John H. Makin is a resident scholar at the American Enterprise Institute (AEI) where he studies the US economy, monetary policy, financial markets, corporate taxation and banking. He also studies and writes frequently about Japanese, Chinese and European economic issues.
Makin has served as a consultant to the US Treasury Department, the Congressional Budget Office, and the International Monetary Fund. He spent twenty years on Wall Street as the chief economist, and later as a principal of Caxton Associates a trading and investment firm. Earlier, Makin taught economics at various universities including the University of Virginia. He has also been a scholar at the Bank of Japan, the Federal Reserve Bank of San Francisco, the Federal Bank of Chicago, and the National Bureau of Economic Research. A prolific writer, Makin is the author of numerous books and articles on financial, monetary, and fiscal policy. Makin also writes AEI's monthly Economic Outlook which pairs insightful research with current economic topics.
Makin received his doctorate and master’s degree in economics from University of Chicago, and bachelor’s degree in economics from Trinity College.
The United States and Japan should make pledges to protect each other's interests in the event of conflict. This rearticulated US-Japan alliance need not threaten China, but rather serve as a reminder that actions to advance Chinese interests at the expense of US-Japan interests will not be tolerated.
Quantitative easing and fiscal stimulus are becoming less effective. The reason is the same as the reason that antibiotics, overused in an attempt to cure infections including common colds, are becoming less and less effective with more intensive use: endogeneity.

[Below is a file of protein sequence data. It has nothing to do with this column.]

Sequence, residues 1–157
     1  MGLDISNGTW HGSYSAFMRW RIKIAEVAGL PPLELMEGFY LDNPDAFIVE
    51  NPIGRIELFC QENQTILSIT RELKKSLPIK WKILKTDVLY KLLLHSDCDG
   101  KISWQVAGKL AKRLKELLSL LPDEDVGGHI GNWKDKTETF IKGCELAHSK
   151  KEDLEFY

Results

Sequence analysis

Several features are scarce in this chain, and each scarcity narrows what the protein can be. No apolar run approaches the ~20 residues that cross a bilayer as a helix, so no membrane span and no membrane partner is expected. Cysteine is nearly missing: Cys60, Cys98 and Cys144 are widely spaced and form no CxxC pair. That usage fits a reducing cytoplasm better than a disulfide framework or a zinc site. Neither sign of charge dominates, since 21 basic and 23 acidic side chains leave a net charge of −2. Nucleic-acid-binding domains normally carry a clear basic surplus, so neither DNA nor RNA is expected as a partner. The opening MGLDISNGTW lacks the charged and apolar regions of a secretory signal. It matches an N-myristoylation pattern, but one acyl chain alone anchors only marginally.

As the U.S. economy continues to sputter, American Enterprise Institute economists identify five areas that could heavily affect an American recovery in 2014: trade, the Federal Reserve, housing, taxes and the Internet.
While improving long-term growth is difficult, the best places to begin are with advances in areas such as tax reform, deregulation, and freer trade. These structural measures, along with efforts to reduce current high levels of policy uncertainty, might help boost sustainable, long-term economic growth.
In addition to her impending, and no doubt ultimately successful, quest for Senate confirmation, Janet Yellen will have a lot on her plate in the coming months. Now that House Republicans and Senate Democrats have come to yet another temporary agreement on the budget and debt ceiling, there still exists another threat to the economy.
Many major world economies are at risk of slipping from a period of falling inflation (disinflation) into outright negative inflation (deflation), and the eurozone is leading the trend. The European Central Bank and Fed in particular must strive to avoid this outcome by striking a balance between continuing quantitative easing and tightening monetary policy.